[concurrency-interest] Should I avoid compareAndSet with value-based classes?

Andrew Haley aph at redhat.com
Mon Jul 10 05:22:22 EDT 2017

On 08/07/17 13:22, Gil Tene wrote:
>> On Jul 8, 2017, at 1:19 AM, Andrew Haley <aph at redhat.com> wrote:
>> On 08/07/17 07:38, Gil Tene wrote:
>>> My arguments here are not about trying to justify some compiler
>>> optimizations, or trying to justify the choices of making these
>>> things subclasses the Object. They are about pointing out the actual
>>> meaning of things as defined and the (very high risk) of coding
>>> against it based on a hope that some temporarily observed behavior
>>> is actually reliable, when everything that describes what it does
>>> says otherwise.
>> I disagree with this interpretation.  You're interpreting the language
>> in that paragraph as overriding some fundamental properties in the JLS.
> To keep this to a simple case that
> What specific property of the JLS requires that == not be always-false?

I think the ontion that

> I.e., what is it in the JLS that requires that this loop ever
> terminate when there is no external interference by another thread?:
>   // David Lloyd's example from earlier in the thread (Jul 6, 10:48AM PDT):
>   AtomicReference<Instant> atomic;
>   Instant a, b;
>   ...
>   do {
>       a = atomic.get();
>       b = compute(a);
>   } while (! atomic.compareAndSet(a, b));
> or for that matter, that this loop ever terminate when there is no
> external interference by another thread?:
>   volatile Instant thing;
>   Instant a, b;
>>   boolean success = false;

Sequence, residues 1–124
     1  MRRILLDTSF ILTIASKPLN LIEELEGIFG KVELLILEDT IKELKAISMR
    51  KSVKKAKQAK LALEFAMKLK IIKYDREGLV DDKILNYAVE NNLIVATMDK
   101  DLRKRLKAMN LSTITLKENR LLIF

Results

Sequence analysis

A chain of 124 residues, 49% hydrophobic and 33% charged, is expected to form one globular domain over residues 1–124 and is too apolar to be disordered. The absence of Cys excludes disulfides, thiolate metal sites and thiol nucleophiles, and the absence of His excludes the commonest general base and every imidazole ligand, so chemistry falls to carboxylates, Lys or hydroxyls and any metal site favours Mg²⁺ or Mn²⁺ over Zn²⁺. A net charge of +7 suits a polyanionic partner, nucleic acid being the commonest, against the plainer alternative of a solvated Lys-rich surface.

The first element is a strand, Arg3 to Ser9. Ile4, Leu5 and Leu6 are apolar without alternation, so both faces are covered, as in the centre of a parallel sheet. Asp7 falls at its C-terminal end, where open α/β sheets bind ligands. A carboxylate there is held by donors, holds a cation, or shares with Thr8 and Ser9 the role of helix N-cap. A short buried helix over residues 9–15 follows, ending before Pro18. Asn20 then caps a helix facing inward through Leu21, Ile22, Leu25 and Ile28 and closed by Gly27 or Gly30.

>   do {
>       a = thing;
>       b = compute(a);
>       if (thing == a) {
>           thing = b;
>           success = true;      
>       }
>   } while (!success);
> The termination of both of these loops relies on the notion of
> identity (the logical value of a reference) being preserved between
> the reading of a reference to an instance of a value-based class
> from memory, and the eventual comparison of that instance's
> reference with another one stored in a memory location.

Indeed.  I already quoted the language in the JLS I'm relying on, and
said that I find it convincing.  I believe that 15.21.3, "Reference
Equality Operators == and !=" would have to be changed in order for
your interpretation of reference equality to be correct.

So let's move on to another matter, the JVM specification, and the way
that Java maps on to the JVM.  In the JVM, the instruction if_acmpeq
is supposed to return true if value1 = value2.  So,

   dup; if_acmpeq

is bound to succeed.

You could argue that it is theoretically possible that Java could be
compiled onto the JVM in some other way, so that your interpretation
of the JLS would be correct, but I don't think it's much to worry
about.  You could also argue that the section which describes
value-based classes implicitly changes the JVM specification, but I'd
like to see that in writing.

Andrew Haley
Java Platform Lead Engineer
Red Hat UK Ltd. <https://www.redhat.com>
EAC8 43EB D3EF DB98 CC77 2FAD A5CD 6035 332F A671

More information about the Concurrency-interest mailing list